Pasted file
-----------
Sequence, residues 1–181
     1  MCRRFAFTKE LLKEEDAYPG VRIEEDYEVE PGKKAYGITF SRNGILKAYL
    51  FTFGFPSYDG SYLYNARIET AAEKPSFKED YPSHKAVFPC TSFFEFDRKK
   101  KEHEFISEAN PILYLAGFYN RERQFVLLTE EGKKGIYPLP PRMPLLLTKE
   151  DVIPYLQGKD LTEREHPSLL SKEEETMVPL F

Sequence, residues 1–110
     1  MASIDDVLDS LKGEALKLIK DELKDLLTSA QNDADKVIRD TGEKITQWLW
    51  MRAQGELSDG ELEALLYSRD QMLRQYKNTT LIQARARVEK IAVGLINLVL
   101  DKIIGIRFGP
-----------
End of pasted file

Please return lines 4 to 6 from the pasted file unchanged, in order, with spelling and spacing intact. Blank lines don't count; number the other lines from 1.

   101  KEHEFISEAN PILYLAGFYN RERQFVLLTE EGKKGIYPLP PRMPLLLTKE
   151  DVIPYLQGKD LTEREHPSLL SKEEETMVPL F

Sequence, residues 1–110